How to land a good letter of recommendation: Advice from an admissions expert

How to land a good letter of recommendation: Advice from an admissions expert

by Mary Beth Carroll, Assistant Director of Student Affairs in the Office of Student Engagement and Practice at the University of Michigan School of Public Health.

Most graduate school applications require two to three letters of recommendation, which provide another dimension to your application and, when viewed alongside other factors such as your GPA, professional experience and personal essays, can help faculty reviewers get a sense for whether you can succeed in your program of interest.

The process of securing letters of recommendation can be stressful or confusing for some applicants. As the Assistant Director of Student Affairs at the University of Michigan School of Public Health, I have helped guide hundreds of prospective students through the applicant process. Here, I’ll explain the steps you can take, and some of my top tips, for securing strong letters of recommendation.

At Michigan Public Health,  we encourage a quality-over-quantity lens when it comes to fulfilling this requirement, meaning that a page length high-quality letter from a recommender who knows you well will be more valuable than a long letter that lacks detail and specific examples.

Quick Tip: As you gather information on programs you’re interested in, be sure to do it early to ensure you have time to familiarize yourself with what is required. Keep an eye out for details about application materials such as essay prompts and standardized test or professorial work requirements prior to beginning the application process.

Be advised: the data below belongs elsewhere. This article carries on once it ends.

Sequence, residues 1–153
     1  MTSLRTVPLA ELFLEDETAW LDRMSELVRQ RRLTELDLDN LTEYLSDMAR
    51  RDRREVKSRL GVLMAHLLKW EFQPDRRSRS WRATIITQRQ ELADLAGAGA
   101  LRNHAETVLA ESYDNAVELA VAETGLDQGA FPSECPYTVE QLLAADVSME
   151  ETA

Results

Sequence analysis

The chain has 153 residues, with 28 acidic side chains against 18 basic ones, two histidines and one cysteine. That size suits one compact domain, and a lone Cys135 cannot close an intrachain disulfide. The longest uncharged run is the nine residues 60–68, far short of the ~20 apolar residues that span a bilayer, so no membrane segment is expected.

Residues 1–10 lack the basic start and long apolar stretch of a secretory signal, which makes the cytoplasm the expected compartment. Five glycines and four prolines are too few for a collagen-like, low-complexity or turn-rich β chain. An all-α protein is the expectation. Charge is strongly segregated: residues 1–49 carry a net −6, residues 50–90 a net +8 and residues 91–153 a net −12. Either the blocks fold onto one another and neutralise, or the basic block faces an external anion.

Weighing Your Options 

If you have been outside the academic setting for an extended period of time, it may be challenging to identify references. We encourage our applicants to choose people who can speak to their potential to succeed both in an academic and professional setting. 

Depending on your background and specific situation, consider the following as potential recommenders:

  • Professors in your major of study
  • An employer or supervisor
  • Academic advisor
  • Professional mentor from a relevant volunteer or professional experience

We advise applicants against using a friend or relative for a graduate school recommendation. In addition, public health faculty reviewers like to see letters on official letterhead (a document with a heading that includes a company/affiliation logo, company name, address, and contact information), when possible, along with a full signature including the writer’s company or professional affiliation, job title, and contact information. You can make a good impression with these small considerations — making sure all components of your application display professionalism and thoughtfulness.  

Ask Away!

Prior to engaging with potential recommenders, it is best to review the program’s application process and timeline, so you are prepared to convey exactly what you need. It is ideal to provide recommenders ample time to write their recommendation, as they likely have busy schedules and multiple competing demands. If possible, schedule an in-person or virtual meeting to discuss your desire to attend graduate school and potentially include them as a recommender. Also, make sure they are familiar with the program and field you are applying to. When we advise applicants, we always mention this as many people aren’t familiar with what public health is or the career trajectory our students have. If you are unable to meet in person or virtually, it’s also appropriate to initiate contact via email.